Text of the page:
Poland to partially compensate Jewish, private-owned looted property
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Poland to partially compensate Jewish, private-owned looted property

Deputy justice minister 'ashamed that it has taken Poland until now, 28 years after the fall of communism, to prepare such a bill'

Polish Deputy Justice Minister Patryk Jaki addresses parliament on December 22, 2015. (Screen capture/YouTube)
Polish Deputy Justice Minister Patryk Jaki addresses parliament on December 22, 2015. (Screen capture/YouTube)

The World Jewish Restitution Organization cautiously welcomed a Polish official’s announcement of plans to pass legislation offering partial compensation for property confiscated from private owners during communism.

Polish Deputy Justice Minister Patryk Jaki announced plans for the legislation on Wednesday, marking a break from the government’s previous reliance on individual court rulings to determine restitution rather than through legislation, as has been done in many other European countries.

“I’m ashamed that it has taken Poland until now, 28 years after the fall of communism, to prepare such a bill. This should have been taken care of a long time ago,” the PAP news agency quoted Jaki as saying during a press conference in Warsaw Wednesday.

The law that comes from the envisioned bill would allow for cash payments of up to 20 percent of the value of privately-owned properties at the time of their “nationalization”, Jaki told the broadcaster TVN24, adding that the bill was “absolutely fair.” Countless properties that belonged to Poland’s 3.3 million-strong Jewish population before the Holocaust were seized by the Nazi occupation forces and then nationalized under communism.

Restitution experts estimate that following the Holocaust, Jewish individuals and institutions in Poland lost property whose combined value exceeds the equivalent of $1 billion. Poland is the only major country in Europe that has passed neither national legislation for the restitution of property unjustly seized by the Nazis nor for property nationalized by the Communist regime, according to the World Jewish Restitution Organization, or WJRO.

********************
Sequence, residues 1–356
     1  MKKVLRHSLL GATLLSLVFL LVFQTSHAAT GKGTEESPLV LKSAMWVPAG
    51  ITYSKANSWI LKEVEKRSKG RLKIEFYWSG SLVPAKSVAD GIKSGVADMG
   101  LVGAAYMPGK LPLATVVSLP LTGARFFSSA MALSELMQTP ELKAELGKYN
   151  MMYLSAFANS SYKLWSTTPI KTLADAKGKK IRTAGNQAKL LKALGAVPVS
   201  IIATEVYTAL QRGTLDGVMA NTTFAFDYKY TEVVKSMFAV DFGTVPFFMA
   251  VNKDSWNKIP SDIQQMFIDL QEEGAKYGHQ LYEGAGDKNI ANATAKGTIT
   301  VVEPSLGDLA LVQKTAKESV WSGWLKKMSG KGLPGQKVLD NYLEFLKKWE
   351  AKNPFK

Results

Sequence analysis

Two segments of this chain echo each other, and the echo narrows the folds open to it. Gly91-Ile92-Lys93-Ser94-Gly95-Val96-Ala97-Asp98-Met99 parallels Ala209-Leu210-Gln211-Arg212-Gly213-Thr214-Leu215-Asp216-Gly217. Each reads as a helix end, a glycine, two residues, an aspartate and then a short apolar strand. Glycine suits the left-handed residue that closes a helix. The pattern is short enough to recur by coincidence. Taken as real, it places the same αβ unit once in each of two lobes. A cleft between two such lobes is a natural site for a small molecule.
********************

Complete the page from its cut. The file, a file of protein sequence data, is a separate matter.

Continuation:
“We welcome the recognition today by Poland that national legislation is needed to address the issue of confiscated property,” Gideon Taylor, WJRO’s chair of operations, said in a statement Thursday. “However, it is essential that restitution or compensation be full and complete and that it be just and fair for all who lost property, including Polish survivors of the Holocaust and their families,” the statement read.

WJRO has joined other vocal critics of Poland over its perceived failure even by Eastern European standards to offer Jewish victims of property theft during and after the Holocaust and their descendants neither adequate restitution nor procedures to obtain it.

In July, WJRO sharply criticized a Polish court’s ruling upholding restitution legislation whose language precluded countless Jewish would-be claimants.

The law, passed last year, precludes claims in Warsaw for former owners and their families who missed the 1988 communist-era deadline for filing claims, including those who fled abroad to escape communist rule or anti-Semitism.

Poland in 1997 passed a law for restitution on communal-owned properties, but more than 15 years after the claim filing deadline, a majority of more than 5,000 claims for such property has still not been resolved and most of the resolved claims have not led to restitution or compensation, the WJRO said.

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